Maria recommended vistaprint.co.uk – an inexpensive online company. Other participants had also found it useful, and some had uploaded copies of their book cover onto business cards and postcards. However Vistaprint do tend to bombard you with emails of ‘special offers’ so be aware of that!
Websites Maria said that one of the advantages of having a website is that journalists can find you directly, by googling you rather than going via your publicist. Also you can put samples of your work up, so journalist can get up to speed on you more briskly. She considers her own website, www.mariamccarthy.co.uk to be one of the best investments she’s ever made – it’s 3 pages and cost £350.
Should you ever consider using a freelance publicist?
Maria advised caution. There are good professional PR people out there, but as a profession they’re notoriously dippy – promising the earth but not producing very much. If you decide to go down this route, shop around for personal recommendations.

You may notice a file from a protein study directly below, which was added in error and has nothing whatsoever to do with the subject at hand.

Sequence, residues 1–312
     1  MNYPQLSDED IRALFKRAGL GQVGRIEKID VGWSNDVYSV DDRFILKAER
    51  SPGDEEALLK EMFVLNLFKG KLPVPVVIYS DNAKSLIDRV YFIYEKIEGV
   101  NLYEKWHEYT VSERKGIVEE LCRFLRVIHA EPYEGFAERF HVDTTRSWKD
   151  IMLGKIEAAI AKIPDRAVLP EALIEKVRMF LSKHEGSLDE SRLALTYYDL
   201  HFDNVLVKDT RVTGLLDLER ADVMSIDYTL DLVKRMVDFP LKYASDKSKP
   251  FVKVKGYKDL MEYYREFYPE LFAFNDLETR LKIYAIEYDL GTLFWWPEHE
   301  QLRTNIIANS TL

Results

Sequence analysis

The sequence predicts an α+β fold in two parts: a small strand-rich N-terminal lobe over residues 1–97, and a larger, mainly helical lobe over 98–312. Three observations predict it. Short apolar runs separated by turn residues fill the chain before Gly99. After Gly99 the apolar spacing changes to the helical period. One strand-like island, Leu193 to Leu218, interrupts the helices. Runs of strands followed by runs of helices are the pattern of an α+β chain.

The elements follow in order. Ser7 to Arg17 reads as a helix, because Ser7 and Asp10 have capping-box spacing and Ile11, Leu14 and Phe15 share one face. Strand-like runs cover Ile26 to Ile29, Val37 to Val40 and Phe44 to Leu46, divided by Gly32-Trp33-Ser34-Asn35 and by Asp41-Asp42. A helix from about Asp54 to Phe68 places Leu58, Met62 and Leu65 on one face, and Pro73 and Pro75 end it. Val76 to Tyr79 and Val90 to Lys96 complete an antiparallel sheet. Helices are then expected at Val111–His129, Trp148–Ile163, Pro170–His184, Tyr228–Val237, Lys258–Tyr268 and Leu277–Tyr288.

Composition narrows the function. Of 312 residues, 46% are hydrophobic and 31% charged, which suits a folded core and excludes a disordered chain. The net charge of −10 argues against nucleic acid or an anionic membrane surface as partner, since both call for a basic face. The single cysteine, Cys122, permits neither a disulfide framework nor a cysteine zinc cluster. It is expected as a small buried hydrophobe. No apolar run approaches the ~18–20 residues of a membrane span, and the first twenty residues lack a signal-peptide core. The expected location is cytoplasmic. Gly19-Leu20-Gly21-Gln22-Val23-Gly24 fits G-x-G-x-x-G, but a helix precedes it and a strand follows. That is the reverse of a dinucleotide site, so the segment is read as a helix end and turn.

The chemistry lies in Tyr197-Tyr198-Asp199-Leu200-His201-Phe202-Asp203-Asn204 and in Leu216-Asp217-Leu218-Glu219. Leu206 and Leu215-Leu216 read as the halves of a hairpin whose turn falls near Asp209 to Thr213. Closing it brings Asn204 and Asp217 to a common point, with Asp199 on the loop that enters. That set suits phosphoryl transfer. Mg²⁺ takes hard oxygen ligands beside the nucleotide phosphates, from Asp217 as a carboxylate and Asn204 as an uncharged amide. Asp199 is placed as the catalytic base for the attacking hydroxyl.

Maria advised doing some small local groups first – Wis and Church groups to get a feel for public speaking and to see if you like it. Going to other author events at local bookshops etc will give you a feel for what works and what doesn’t. Once you’re comfortable with it, you could approach Literature Festivals directly (she did this recently and will be speaking at the Daphne Du Maurier Festival, Ilkley Literature Festival and Salisbury Festival during 2007).

Local paper, local radio – Maria suggested the following strategy